On the diplomatic haggling over the Catalan independence process.

April, 2014.

Towards the end of last year, the Catalan language history magazine Sąpiens began sending copies of 'Catalonia Calling' – an illustrated book explaining the whys and wherefores of the current
push for Catalan home rule – to thousands of people considered influential, from Kofi Annan to the manager of Manchester United. The thank-you letters came flooding in. Indeed, the project was going so well that one well-known, viscerally unionist Spanish journalist, José Antonio Zarzalejos, posted a blog entry praising the quality of the book and damning the Spanish government's sloth-like approach to such a successful internationalisation of the Catalan cause. Someone must waved Zarzalejo's blog under the nose of Mr Garcķa-Margallo, the Foreign Minister, because since then the Spanish diplomatic corps has been putting in an abundance of overtime: it immediately fired off thousands of letters denouncing the book as a pack of lies and urging its recipients to have nothing to do with it, to the extent that no less than three of Kofi Annan's secretaries asked Sąpiens to remove his thank-you letter from Facebook – and similar pleas have been sent by many other recipients. In Brussels, so much Spanish diplomatic pressure has been applied that one Catalan functionary in the European Commission complained recently that Catalonia now had virtually no potential allies in the EU. What's more, every time the Catalan president, Artur Mas, gives an interview to foreign media, the local Spanish ambassador vilifies Mas's supposed inaccuracies within the week. And it is the situation in Catalonia which has impelled Margallo to refuse to recognise Kosovo (thus backing Russia to the hilt) while fiercely defending the territorial integrity of Ukraine (thus criticising Russia in no uncertain terms). Such contradictions matter not a jot to Madrid: national unity at all costs, is the slogan being bellowed to the world round the clock by the Foreign Minister and his small army of diplomats. And if they can also arouse an anti-Catalan mood close to loathing by convincing said world that pro-independence Catalans are a bunch of economic egocentrics who invented a phony nation a couple of years ago just so they could take the money and run, then so much the better. All this frantic activity, of course, is simply whetting more and more Catalans' appetite for a state which will provide a buffer between them and such persistent animosity. Which is why the only thing that could really stop the November 9th referendum on independence, is the removal of the ballot boxes at gunpoint. But it won't come to that, surely?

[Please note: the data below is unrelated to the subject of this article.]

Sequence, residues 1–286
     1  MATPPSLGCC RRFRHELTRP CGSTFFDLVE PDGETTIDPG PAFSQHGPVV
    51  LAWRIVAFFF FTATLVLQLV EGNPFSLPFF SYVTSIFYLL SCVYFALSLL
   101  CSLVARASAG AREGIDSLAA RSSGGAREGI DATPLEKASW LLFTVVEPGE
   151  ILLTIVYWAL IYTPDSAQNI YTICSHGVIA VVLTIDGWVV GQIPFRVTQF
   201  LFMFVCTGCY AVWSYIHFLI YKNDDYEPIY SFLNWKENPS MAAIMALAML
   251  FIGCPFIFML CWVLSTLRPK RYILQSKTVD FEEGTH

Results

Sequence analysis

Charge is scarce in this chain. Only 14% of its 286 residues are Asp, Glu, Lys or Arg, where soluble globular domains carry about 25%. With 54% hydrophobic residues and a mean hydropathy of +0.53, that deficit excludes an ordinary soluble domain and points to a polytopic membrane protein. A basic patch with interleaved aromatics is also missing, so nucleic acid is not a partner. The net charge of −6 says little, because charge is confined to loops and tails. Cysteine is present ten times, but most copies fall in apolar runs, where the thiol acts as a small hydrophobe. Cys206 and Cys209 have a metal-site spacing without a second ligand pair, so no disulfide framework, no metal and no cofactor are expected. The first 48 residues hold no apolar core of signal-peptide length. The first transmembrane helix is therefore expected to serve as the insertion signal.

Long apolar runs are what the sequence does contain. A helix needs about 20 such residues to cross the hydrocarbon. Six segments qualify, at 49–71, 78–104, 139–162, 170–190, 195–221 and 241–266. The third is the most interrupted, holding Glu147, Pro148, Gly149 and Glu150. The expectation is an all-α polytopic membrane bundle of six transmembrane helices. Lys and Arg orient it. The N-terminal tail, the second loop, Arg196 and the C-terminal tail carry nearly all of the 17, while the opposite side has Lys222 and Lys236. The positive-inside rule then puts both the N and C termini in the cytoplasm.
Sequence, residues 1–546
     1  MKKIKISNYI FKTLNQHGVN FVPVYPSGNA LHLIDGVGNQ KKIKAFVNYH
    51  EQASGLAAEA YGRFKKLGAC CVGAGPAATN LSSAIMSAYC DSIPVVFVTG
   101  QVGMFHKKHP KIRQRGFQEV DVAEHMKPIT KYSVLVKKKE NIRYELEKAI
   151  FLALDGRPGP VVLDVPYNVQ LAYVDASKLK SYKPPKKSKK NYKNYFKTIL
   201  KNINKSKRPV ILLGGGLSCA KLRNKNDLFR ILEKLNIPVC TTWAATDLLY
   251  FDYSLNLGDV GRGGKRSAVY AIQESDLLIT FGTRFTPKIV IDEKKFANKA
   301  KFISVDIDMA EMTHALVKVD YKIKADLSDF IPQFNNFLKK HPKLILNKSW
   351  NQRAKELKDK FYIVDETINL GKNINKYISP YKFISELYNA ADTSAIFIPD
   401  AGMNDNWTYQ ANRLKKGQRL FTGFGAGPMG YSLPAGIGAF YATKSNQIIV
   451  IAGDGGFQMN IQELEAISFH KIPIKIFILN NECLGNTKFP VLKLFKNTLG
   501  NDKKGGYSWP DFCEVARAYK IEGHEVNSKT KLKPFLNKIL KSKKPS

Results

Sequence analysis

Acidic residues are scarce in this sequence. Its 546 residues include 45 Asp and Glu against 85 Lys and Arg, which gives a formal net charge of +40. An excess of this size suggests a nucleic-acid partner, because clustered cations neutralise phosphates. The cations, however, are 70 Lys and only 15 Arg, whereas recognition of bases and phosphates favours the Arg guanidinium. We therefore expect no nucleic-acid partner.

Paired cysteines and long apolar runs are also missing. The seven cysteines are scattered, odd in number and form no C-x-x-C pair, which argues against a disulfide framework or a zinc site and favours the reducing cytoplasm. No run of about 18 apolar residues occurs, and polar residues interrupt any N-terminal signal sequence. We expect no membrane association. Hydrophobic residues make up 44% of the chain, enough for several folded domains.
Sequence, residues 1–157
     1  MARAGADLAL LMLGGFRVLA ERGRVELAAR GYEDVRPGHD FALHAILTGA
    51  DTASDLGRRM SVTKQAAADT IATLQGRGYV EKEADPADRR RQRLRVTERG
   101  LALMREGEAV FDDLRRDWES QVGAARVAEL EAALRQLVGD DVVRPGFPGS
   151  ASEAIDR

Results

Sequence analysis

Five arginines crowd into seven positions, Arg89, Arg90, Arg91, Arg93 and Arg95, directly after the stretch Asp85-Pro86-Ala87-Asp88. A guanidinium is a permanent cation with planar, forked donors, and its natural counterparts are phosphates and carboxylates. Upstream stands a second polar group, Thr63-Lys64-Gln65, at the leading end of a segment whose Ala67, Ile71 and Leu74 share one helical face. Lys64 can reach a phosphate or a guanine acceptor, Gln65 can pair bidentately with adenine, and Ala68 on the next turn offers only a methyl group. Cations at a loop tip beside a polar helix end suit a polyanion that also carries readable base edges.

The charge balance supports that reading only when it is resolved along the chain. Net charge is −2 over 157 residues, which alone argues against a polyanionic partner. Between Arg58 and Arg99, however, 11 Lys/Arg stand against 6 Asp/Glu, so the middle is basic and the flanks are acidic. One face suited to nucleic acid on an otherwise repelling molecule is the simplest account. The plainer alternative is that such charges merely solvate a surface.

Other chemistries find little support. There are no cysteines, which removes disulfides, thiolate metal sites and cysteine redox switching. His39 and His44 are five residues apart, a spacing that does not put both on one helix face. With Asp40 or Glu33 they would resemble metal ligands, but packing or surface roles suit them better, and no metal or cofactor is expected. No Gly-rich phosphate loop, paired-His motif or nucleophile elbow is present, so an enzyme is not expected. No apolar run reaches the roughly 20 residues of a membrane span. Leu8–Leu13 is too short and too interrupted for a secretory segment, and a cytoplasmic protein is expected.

- Textos i contingut: Matthew Tree - Disseny i programació: Nac -